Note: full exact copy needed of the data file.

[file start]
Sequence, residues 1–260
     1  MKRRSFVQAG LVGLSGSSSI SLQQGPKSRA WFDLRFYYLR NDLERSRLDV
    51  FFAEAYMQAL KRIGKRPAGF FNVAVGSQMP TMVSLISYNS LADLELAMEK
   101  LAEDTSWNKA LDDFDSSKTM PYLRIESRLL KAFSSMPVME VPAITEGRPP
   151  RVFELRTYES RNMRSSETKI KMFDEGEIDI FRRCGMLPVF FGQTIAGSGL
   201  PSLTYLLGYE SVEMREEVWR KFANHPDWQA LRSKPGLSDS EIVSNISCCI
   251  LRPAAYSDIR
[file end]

Sequence, residues 1–260
     1  MKRRSFVQAG LVGLSGSSSI SLQQGPKSRA WFDLRFYYLR NDLERSRLDV
    51  FFAEAYMQAL KRIGKRPAGF FNVAVGSQMP TMVSLISYNS LADLELAMEK
   101  LAEDTSWNKA LDDFDSSKTM PYLRIESRLL KAFSSMPVME VPAITEGRPP
   151  RVFELRTYES RNMRSSETKI KMFDEGEIDI FRRCGMLPVF FGQTIAGSGL
   201  PSLTYLLGYE SVEMREEVWR KFANHPDWQA LRSKPGLSDS EIVSNISCCI
   251  LRPAAYSDIR